Buy-Back Program for Tribal Nations
brought more than $156 million to the Blackfeet Nation
, with additional offers anticipated as the initiative winds down during the Trump administration.
To address the influx of funds, a group of organizations launched the Piikani Money Campaign
. Landowners who accepted offers from the program were educated about financial planning, banking, fraud and other issues.
"We wanted people to be a little wiser with their money," Angie Main, the executive director of Native American Community Development Corporation Financial Services
, which led the campaign, told Montana Public Radio.
The Land Buy-Back Program is expected to return to the reservation as the Trump administration focuses on ways to consolidate as many fractional interests as possible with the funds remaining in the account. Less than $540 million remains after about $1.2 billion was expended during the Obama era, the Department of the Interior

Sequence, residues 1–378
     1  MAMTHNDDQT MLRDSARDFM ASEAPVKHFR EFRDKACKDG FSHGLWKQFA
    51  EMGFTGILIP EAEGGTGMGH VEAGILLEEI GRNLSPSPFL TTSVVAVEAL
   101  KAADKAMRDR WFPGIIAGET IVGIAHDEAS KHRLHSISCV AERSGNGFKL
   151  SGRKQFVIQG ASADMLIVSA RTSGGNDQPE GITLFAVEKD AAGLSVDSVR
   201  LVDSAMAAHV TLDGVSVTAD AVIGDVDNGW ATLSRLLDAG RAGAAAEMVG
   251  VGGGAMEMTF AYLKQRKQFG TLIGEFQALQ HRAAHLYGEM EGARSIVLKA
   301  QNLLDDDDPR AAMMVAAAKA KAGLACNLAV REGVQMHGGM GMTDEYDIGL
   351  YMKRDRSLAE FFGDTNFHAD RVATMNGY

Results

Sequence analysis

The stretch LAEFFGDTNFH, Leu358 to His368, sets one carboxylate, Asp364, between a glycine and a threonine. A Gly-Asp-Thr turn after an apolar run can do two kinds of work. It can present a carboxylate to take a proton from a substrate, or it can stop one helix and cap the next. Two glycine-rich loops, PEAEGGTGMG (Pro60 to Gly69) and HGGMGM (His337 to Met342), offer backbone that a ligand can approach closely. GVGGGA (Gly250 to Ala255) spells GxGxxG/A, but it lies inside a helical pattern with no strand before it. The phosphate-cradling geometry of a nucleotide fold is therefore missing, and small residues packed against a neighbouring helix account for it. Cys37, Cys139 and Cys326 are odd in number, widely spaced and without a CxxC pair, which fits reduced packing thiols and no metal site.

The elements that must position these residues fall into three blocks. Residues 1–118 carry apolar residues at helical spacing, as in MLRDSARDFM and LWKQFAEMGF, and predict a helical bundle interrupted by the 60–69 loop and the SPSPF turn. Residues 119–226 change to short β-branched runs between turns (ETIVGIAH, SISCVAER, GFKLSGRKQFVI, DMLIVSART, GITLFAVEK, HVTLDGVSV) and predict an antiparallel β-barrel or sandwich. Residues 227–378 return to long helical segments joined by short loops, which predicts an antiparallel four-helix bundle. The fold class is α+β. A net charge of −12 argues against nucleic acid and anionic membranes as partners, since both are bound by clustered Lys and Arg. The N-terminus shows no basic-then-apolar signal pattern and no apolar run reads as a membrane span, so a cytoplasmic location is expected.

announced in July.
Owners of fractional interests are paid "fair market value" for their properties, which are then transferred to tribal governments, the original owners of the land. As of September 8
, tribes have reclaimed the equivalent of 2.13 million acres, according to Interior.
The Land Buy-Back Program was funded with $1.9 billion as part of the $3.4 billion settlement to the Cobell trust fund lawsuit
. The settlement, which became law in 2010, anticipated the program would run for 10 years.
The settlement allowed Interior to take an administrative cut of 15 percent, or about $285 million, to carry out the program.
Read More on the Story:
'Just Don't Blow It': Campaign Helps Blackfeet Manage Land Buyback Payouts
(Montana Public Radio September 11, 2017)
Department of the Interior Report:2016
Status Report: Land Buy-Back Program for Tribal Nations
Join the Conversation
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